iface default inet dhcp
  • Edit the wpa-supplicant file

    Code: Select all

    sudo nano /etc/wpa_supplicant/wpa_supplicant.conf Ensure that it has the following lines
    ctrl_interface=DIR=/var/run/wpa_supplicant GROUP=netdev
    update_config=1
    
    network={
            ssid="YourSSID"
            psk="password"
            key_mgmt=WPA-PSK
    }
  • Save the file, disconnect the ethernet cable, and reboot the Raspberry Pi. It should now connect to the wireless network.
Powering the Raspberry Pi off the hard drive (optional)
  • I did not want to have to have a separate power supply for the hard drive and the Raspberry Pi as both would be kept together at all times. As such, I looked into powering the Raspberry Pi off the supply of the hard drive.
  • Using a sharp knife, cut the male, full size usb connector off your mini usb cable, exposing the four wires.
    Tape up the two data lines, we wont need them and we dont want them touching anything. They are normally the green and white wires.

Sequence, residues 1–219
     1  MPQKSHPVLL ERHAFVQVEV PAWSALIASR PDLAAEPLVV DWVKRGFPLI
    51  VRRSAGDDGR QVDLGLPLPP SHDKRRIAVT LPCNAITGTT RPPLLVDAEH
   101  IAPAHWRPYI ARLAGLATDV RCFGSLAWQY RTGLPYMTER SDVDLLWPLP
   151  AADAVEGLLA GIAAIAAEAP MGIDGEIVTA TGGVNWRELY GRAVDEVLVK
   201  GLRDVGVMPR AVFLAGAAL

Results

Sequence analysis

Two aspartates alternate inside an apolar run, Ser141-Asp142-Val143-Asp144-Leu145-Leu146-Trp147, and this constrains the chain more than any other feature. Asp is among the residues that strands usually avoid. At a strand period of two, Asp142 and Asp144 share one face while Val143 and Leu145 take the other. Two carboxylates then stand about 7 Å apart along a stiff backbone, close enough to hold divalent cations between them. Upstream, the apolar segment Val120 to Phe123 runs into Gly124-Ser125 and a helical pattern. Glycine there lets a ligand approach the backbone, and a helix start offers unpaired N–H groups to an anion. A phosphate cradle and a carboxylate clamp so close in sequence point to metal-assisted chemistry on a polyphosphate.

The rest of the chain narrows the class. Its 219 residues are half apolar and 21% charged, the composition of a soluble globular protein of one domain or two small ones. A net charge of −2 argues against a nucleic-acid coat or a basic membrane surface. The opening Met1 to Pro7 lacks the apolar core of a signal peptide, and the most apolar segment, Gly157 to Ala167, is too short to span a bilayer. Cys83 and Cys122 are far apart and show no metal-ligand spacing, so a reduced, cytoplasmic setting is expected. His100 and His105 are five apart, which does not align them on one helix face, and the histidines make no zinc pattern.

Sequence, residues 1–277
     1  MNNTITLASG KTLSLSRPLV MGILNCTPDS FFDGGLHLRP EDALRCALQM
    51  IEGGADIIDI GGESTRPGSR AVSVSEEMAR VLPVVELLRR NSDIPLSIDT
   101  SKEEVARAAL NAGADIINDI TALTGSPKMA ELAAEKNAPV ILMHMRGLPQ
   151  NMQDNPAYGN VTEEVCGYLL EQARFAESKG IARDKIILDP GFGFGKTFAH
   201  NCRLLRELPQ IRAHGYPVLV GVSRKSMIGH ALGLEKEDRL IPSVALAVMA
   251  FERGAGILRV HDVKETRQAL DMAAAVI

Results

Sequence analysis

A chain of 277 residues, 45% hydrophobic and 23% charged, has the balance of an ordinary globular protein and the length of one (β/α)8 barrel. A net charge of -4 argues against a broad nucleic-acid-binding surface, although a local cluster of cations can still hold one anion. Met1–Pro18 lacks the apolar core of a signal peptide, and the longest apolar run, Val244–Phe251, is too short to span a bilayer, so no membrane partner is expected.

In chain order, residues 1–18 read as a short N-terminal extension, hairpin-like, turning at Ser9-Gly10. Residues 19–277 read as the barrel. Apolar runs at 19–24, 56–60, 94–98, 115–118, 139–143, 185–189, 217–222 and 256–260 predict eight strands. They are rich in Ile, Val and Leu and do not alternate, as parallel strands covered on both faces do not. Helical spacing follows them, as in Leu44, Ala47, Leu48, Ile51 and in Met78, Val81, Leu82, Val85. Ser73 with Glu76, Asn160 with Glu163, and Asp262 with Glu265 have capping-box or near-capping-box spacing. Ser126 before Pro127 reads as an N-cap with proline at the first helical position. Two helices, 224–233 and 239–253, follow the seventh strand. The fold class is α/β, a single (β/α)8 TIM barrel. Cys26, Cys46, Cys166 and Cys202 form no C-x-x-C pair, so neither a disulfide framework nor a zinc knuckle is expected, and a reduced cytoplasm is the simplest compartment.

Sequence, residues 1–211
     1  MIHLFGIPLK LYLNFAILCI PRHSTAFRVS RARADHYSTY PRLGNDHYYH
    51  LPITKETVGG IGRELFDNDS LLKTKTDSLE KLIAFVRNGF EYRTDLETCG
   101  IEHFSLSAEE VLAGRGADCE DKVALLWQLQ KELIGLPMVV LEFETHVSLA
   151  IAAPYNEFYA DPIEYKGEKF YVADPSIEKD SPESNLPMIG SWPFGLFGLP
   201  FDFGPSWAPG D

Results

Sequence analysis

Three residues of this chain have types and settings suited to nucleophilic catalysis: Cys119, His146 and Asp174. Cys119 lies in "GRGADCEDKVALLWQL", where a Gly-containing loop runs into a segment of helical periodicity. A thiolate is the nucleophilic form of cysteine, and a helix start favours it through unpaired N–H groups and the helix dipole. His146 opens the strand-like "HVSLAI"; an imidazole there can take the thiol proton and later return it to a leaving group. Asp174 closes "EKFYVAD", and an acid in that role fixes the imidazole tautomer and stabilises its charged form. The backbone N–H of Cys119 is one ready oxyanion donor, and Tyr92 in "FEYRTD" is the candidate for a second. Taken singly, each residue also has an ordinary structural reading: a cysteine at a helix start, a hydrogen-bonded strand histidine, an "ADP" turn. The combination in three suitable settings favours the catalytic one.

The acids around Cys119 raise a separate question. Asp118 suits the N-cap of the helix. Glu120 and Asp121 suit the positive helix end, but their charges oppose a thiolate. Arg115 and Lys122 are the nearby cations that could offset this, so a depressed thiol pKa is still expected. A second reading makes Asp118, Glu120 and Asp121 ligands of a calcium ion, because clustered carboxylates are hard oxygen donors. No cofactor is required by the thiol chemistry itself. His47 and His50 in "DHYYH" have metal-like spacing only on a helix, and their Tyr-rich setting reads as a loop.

• Expose around 2mm of the conductor from the 5v (red) and ground (black) wires. Tin them with solder and the soldering iron.
    Dismantle your portable hard drive. Each one will be different. For mine, I had to remove 4 screws from the underside, and slide out the harddrive and controller from one end.
  • Look for the four wires going from the controller to the hard drive. There should be two black, one yellow and one red. We are looking for the 5v wire (red) and either of the ground wires (black). Solder the red and black wires from the USB cable to the points on the controller board that the corresponding hard drive wires are soldered to.